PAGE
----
‘A Doll’s House,’ Made Contemporary – The New York Times

What ? Sympathy for Torvald, the priggish, prejudiced bully who won ’ thymine allow his wife ’ s favorite sweets in the sign of the zodiac and doles out the housekeeping money as if she were 6 years honest-to-god ? The genius of this reimagined “ Doll ’ s House, ” which Mr. Edelstein besides directed, is that it forces us to re-examine not barely our ideas about a classical play but besides our smug assumptions about all the social change that would seem to separate us from Ibsen ’ s Norway. As it turns out, the one jar here and now has nothing to do with the relationship between Nora and Torvald — it comes when he agrees to give her childhood ally Christine a job at his bank without indeed much as an interview or a résumé. image

THE COUPLE Ana Reeder is Nora and Adam Trese is Torvald in the Ibsen classical, reimagined. The mod setting keeps the audience from detachment.

Credit…

T. Charles Erickson

differently, this adaptation feels perfectly plausible. Mr. Edelstein accomplishes his update by paring away incongruities in the textbook preferably than adding contemporary detail, and it never seems forced or stilted. Circumstances may have changed since Ibsen ’ s day, but people have not : a willful doll-wife who beguiles her man into giving her what she wants and a dot but condescending husband who sees her as an accessory — if you don ’ thymine happen to know such a couple, equitable check out the nearest newsstand. And if a doll-wife should walk away from her conserve, overbearing though he might be, her adorable kiddies and her secure home plate fair sol she can learn who she very is and stand on her own two feet, well, how would we react ? In giving “ A Doll ’ sulfur House ” a contemporary set, Mr. Edelstein makes Nora controversial again.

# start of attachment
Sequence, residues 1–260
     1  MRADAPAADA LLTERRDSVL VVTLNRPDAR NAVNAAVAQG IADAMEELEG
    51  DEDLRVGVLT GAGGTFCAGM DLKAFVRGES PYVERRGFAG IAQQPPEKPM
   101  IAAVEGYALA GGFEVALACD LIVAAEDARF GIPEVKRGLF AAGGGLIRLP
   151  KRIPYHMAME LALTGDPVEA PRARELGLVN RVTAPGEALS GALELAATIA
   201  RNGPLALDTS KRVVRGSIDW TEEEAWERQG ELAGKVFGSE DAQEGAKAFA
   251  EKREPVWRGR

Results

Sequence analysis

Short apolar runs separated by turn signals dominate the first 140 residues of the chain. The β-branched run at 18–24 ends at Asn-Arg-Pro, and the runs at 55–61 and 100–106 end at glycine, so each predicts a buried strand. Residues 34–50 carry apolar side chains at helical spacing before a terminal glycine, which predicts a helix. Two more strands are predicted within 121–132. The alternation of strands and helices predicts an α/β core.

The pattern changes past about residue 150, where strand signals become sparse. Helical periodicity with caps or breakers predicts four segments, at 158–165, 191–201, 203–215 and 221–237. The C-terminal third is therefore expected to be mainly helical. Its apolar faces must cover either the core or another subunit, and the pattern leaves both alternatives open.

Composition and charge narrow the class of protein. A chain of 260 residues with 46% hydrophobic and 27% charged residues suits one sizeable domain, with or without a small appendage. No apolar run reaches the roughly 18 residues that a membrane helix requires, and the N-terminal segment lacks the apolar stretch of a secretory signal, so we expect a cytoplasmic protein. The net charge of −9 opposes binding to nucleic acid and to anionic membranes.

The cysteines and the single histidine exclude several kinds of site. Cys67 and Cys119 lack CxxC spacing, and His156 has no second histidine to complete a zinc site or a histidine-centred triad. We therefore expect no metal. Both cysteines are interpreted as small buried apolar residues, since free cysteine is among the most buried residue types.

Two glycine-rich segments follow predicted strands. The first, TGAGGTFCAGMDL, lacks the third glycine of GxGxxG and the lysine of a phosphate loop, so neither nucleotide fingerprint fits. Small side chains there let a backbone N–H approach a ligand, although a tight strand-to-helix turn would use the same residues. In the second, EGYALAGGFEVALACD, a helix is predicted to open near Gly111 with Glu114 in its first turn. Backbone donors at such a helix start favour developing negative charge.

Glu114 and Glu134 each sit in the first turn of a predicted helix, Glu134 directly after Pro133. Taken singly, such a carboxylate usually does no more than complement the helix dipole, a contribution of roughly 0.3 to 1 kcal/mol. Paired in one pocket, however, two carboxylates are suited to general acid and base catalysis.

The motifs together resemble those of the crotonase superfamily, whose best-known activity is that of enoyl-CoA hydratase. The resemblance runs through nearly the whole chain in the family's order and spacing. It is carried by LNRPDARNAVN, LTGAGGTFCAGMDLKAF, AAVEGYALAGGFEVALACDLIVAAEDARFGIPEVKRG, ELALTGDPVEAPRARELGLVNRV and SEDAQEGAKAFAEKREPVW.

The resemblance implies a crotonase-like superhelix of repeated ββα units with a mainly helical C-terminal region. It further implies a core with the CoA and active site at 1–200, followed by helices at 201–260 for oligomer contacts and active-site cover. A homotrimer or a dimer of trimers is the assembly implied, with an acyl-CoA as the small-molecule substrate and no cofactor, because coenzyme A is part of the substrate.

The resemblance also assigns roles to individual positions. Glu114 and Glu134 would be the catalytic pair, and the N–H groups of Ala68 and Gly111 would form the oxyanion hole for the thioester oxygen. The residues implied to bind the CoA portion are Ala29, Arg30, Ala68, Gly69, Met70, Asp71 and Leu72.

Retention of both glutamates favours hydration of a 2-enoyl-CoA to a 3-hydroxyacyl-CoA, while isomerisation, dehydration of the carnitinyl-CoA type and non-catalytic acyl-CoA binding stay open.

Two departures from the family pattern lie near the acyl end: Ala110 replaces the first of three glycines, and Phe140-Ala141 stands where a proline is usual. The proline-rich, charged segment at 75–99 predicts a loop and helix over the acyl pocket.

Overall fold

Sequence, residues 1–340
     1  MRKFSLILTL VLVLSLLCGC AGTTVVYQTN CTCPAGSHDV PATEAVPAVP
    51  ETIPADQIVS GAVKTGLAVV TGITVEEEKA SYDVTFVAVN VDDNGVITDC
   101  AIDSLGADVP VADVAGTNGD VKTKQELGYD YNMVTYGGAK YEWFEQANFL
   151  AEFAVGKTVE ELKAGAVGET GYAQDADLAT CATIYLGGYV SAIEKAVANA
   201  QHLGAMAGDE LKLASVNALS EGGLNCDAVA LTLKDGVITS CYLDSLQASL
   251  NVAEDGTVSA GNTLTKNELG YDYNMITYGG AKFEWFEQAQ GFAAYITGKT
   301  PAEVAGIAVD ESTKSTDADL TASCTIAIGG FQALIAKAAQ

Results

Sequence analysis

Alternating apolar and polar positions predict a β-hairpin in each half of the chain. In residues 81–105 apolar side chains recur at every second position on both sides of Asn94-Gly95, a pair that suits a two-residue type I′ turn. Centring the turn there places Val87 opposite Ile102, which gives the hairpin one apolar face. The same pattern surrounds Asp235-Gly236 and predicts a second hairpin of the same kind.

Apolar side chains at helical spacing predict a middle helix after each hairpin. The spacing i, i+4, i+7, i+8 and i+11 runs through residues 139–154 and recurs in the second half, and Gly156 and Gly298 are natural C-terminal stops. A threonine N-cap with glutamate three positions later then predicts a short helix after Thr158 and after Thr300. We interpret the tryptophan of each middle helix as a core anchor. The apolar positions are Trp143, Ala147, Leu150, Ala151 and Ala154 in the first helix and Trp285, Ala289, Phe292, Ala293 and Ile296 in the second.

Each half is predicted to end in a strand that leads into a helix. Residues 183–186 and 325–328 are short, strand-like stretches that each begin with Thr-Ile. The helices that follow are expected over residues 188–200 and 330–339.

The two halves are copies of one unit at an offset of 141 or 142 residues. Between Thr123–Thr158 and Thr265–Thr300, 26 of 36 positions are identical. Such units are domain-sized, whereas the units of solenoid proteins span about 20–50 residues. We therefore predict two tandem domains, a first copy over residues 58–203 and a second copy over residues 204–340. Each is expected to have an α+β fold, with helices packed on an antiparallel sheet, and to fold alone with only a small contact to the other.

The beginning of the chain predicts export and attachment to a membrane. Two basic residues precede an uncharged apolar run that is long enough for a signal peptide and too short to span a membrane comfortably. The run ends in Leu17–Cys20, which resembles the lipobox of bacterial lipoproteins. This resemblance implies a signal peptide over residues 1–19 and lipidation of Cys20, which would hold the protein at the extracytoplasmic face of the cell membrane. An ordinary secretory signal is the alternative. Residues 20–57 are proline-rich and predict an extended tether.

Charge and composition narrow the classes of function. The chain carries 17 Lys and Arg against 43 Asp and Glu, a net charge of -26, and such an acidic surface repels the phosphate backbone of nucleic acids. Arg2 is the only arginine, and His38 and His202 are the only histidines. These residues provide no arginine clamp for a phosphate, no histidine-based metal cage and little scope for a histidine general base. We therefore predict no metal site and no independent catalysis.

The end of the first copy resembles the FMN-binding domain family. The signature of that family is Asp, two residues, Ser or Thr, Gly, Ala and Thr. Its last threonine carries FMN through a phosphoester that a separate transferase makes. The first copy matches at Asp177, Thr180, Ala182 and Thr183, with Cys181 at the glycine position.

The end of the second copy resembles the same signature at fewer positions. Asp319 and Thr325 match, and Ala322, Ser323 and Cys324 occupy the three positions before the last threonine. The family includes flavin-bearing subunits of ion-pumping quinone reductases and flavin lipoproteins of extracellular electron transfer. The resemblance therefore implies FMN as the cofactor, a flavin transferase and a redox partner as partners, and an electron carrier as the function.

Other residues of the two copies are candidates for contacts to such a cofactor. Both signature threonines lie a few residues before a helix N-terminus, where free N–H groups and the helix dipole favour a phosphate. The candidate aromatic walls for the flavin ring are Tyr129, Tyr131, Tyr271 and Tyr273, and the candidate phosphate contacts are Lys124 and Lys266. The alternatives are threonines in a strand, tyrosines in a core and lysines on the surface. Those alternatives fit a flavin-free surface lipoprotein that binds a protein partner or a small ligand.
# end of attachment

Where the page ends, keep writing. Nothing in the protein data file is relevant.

indeed, there was some distinct rumble at the post-performance discussion I attended. Most in the group were familiar with the play, but it seemed as if they had never very seen Nora before or grasped what she was doing. Ana Reeder ’ s performance as Nora paints a clear word picture of a womanhood you might not very want to spend time with, lending her a touch mix of craft and naiveté. This Nora is, as she must be, cute as a button ; but you feel there ’ s something unpleasant hidden behind all the chirpiness. When Nora tells Torvald at the end of the play that she has never been truly happy, it ’ south no surprise ; Ms. Reeder ’ second performance has intimated as a lot. Adam Trese ’ mho Torvald, on the early hired hand, is shocking, as he drops his affable facade and lashes out at Nora after discovering that her fiscal trickery has put their repute at risk. Until that point, he has seemed the solid, reasonable counterweight to her flighty giddiness. Their acquaintance Dr. Rank is normally played as an older serviceman, and a debauched one at that. But Tim Hopper appears to be the same long time as Ms. Reeder and Mr. Trese, and his pensive performance softens Rank ’ second edges. When he reveals his feelings for Nora, it ’ s possible to wonder for a moment if she might respond. And in casting the solid, peppery Linda Powell as Christine, Mr. Edelstein has altered our perceptions of this character equally well. She makes Christine less pathetic than usual and, possibly as a leave, somehow more calculate. even the villain of the piece, the manque blackmailer Krogstad, acquires nuance in Mark Nelson ’ mho layered depicting .

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